Biological Trace Element Research

, Volume 152, Issue 3, pp 343–349 | Cite as

Effects of Pharmacological Concentrations of Dietary Zinc Oxide on Growth of Post-weaning Pigs: A Meta-analysis



Pharmacological dietary zinc (Zn) concentrations of 1,000 to 3,000 mg/kg diet from Zn oxide have been found to increase growth in post-weaning pigs. However, results were inconsistent among studies. A frequentist meta-analysis, in which effects were numerically described with standardized effect sizes (Hedges's g), was conducted in order to identify and quantify the responses in average daily gain (ADG), average daily feed intake (ADFI), and gain to feed ratio (G/F) in post-weaning pigs upon dietary Zn supplementation from Zn oxide. The inability of independent continuous variables to explain significant heterogeneity obtained with fixed effect models necessitated the use of random effects models to calculate summary statistics. Dietary Zn supplementation increased (P < 0.05) ADG (mean effect size = 1.086, 95 % confidence intervals = 0.905–1.266, 26 studies, 72 comparisons), ADFI (mean effect size = 0.794, 95 % confidence intervals = 0.616–0.971, 25 studies, 71 comparisons), and G/F (mean effect size = 0.566, 95 % confidence intervals = 0.422–0.710, 24 studies, 70 comparisons). Zinc oxide provided a feasible alternative to in-feed antibiotics to improve growth in post-weaning pigs, and its reduction in diets due to potential environmental pollution will have to be negated by alternative feed additives and management strategies in order to prevent economic losses.


Daily gain Feed efficiency Feed intake Meta-analysis Post-weaning pigs Zinc oxide 


  1. 1.
    National Research Council (NRC) (1998) Nutrient requirements of swine, 10th edn. National Academic, WashingtonGoogle Scholar
  2. 2.
    Poulsen HD (1989) Zinc oxide for weaned pigs. In: Proceedings of the 40th annual meeting of the European Association for Animal Production. EAAP Publications, Dublin, pp 265–266Google Scholar
  3. 3.
    Brink MF, Becker DE, Terrill SW, Jensen AH (1959) Zinc toxicity in the weanling pig. J Anim Sci 18:836–842Google Scholar
  4. 4.
    Grimmett RER, McIntosh IG, Wall EM, Hopkirk CSM (1937) Chromium zinc poisoning of pigs. Results of experimental feeding of pure zinc lactate. NZ J Agric 54:216–223Google Scholar
  5. 5.
    Hahn JD, Baker DH (1993) Growth and plasma zinc responses of young pigs fed pharmacologic levels of zinc. J Anim Sci 71:3020–3024PubMedGoogle Scholar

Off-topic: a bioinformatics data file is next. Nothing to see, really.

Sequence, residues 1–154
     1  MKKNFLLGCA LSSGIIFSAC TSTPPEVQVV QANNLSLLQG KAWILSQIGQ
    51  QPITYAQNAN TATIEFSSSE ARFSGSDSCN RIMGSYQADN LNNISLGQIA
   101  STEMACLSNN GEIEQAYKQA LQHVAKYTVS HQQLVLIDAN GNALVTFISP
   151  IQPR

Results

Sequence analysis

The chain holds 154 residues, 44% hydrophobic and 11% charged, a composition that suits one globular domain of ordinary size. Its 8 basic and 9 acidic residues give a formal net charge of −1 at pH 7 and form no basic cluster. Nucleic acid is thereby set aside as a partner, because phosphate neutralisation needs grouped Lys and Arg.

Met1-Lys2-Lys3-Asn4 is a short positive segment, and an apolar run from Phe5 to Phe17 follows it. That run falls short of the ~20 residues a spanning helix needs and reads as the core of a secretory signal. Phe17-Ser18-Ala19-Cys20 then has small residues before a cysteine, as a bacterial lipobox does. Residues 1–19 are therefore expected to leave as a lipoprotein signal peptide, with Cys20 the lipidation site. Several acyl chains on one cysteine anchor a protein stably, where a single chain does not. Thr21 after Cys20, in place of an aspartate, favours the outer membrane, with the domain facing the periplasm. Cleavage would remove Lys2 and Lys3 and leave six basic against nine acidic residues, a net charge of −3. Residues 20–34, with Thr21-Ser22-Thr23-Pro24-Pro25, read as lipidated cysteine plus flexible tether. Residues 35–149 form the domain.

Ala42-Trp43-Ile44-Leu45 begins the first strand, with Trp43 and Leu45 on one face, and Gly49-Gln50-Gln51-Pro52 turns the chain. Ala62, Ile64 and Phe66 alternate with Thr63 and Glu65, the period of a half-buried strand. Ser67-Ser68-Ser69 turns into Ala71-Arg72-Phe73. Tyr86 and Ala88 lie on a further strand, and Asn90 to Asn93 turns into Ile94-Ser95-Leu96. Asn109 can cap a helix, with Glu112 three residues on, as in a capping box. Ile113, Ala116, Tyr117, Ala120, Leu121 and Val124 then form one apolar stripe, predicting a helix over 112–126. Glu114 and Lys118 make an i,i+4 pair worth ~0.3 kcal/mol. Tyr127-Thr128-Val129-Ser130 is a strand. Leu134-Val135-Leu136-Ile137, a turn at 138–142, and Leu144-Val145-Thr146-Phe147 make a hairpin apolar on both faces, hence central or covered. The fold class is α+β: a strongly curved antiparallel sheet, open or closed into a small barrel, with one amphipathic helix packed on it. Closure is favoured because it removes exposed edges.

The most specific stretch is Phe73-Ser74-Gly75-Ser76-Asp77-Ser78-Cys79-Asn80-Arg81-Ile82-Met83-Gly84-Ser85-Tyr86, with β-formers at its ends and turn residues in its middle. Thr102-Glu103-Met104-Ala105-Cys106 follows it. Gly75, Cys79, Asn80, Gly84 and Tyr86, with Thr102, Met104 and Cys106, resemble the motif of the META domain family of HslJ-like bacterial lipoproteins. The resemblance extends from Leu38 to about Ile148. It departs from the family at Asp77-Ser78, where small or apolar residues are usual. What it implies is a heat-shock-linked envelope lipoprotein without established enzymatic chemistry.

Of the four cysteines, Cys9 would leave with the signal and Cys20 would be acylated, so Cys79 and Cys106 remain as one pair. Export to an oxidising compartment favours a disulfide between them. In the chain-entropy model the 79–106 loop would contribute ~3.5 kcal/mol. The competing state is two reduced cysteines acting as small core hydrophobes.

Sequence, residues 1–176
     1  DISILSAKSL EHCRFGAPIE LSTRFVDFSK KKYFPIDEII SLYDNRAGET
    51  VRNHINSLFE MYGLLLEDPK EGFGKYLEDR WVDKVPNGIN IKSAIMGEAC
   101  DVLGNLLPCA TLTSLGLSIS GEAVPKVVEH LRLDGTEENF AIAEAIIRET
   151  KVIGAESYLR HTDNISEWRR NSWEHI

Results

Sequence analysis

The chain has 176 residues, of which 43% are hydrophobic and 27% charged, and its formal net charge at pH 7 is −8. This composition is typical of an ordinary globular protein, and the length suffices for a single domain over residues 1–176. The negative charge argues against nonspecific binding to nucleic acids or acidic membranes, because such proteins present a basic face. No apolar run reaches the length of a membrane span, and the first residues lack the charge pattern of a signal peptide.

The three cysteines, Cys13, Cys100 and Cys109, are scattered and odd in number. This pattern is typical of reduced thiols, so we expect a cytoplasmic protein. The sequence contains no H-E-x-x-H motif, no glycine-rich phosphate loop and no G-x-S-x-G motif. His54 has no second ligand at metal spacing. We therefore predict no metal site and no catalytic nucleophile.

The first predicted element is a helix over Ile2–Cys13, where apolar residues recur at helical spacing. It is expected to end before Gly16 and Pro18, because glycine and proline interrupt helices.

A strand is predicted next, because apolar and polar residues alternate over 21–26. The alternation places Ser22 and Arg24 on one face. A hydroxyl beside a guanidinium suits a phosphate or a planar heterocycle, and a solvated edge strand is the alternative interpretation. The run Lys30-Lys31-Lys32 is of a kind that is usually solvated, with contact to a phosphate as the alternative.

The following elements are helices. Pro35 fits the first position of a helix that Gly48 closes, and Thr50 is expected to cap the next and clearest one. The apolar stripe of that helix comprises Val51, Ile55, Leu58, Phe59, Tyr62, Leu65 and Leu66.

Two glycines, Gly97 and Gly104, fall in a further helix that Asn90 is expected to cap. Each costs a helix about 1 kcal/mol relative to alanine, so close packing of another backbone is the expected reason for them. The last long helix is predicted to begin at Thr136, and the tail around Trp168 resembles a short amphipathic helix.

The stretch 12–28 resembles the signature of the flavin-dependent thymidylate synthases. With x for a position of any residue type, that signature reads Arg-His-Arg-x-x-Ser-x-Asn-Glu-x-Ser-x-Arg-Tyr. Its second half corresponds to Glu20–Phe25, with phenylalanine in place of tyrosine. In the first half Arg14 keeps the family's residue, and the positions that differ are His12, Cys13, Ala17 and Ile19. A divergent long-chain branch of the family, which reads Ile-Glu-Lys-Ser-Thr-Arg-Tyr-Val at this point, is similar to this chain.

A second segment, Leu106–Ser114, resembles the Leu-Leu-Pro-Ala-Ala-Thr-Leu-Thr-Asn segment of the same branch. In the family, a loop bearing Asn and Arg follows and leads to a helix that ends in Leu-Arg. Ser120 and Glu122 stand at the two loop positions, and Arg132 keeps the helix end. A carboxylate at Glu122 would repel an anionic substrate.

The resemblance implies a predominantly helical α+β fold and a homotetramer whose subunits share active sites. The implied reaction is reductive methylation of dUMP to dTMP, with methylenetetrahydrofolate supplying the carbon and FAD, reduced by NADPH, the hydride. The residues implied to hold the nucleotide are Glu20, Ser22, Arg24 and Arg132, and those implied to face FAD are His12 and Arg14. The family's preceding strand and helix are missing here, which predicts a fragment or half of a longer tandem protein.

6. 6.
    Anonymous (2003) Commission Regulation (EC) no. 1334/2003 of 25 July 2003 amending the conditions for authorisation of a number of additives in feedingstuffs belonging to the group of trace elements. Off J Eur Union L187:11–15Google Scholar
  7. 7.
    European Commission (2003) Opinion of the scientific committee for animal nutrition on the use of zinc in feedingstuffs. European Commission, Health and Consumer Protection Directorate, BrusselsGoogle Scholar
  8. 8.
    Case CL, Carlson MS (2002) Effect of feeding organic and inorganic sources of additional zinc on growth performance and zinc balance in nursery pigs. J Anim Sci 80:1917–1924PubMedGoogle Scholar
  9. 9.
    Shelton NW, Tokach MD, Nelssen JL, Goodband RD, Dritz SS, DeRouchey JM, Hill GM (2011) Effects of copper sulfate, tri-basic copper chloride, and zinc oxide on weanling pig performance. J Anim Sci 89:2440–2451PubMedCrossRefGoogle Scholar
  10. 10.
    Heo JM, Kim JC, Hansen CF, Mullan BP, Hampson DJ, Pluske JR (2010) Effects of dietary protein level and zinc oxide supplementation on performance responses and gastrointestinal tract characteristics in weaner pigs challenged with an enterotoxigenic strain of Escherichia coli. Anim Prod Sci 50:827–836CrossRefGoogle Scholar
  11. 11.
    Owusu-Asiedu A, Nyachoti CM, Marquardt RR (2003) Response of early-weaned pigs to an enterotoxigenic Escherichia coli (K88) challenge when fed diets containing spray-dried porcine plasma or pea protein isolate plus egg yolk antibody, zinc oxide, fumaric acid, or antibiotic. J Anim Sci 81:1790–1798PubMedGoogle Scholar
  12. 12.
    Wang YZ, Xu ZR, Lin WX, Huang HQ, Wang ZQ (2004) Developmental gene expression of antimicrobial peptide PR-39 and effect of zinc oxide on gene regulation of PR-39 in piglets. Asian-Australas J Anim Sci 17:1635–1640Google Scholar
  13. 13.
    Buff CE, Bollinger DW, Ellersieck MR, Brommelsiek WA, Veum TL (2005) Comparison of growth performance and zinc absorption, retention, and excretion in weanling pigs fed diets supplemented with zinc-polysaccharide or zinc oxide. J Anim Sci 83:2380–2386PubMedGoogle Scholar
  14. 14.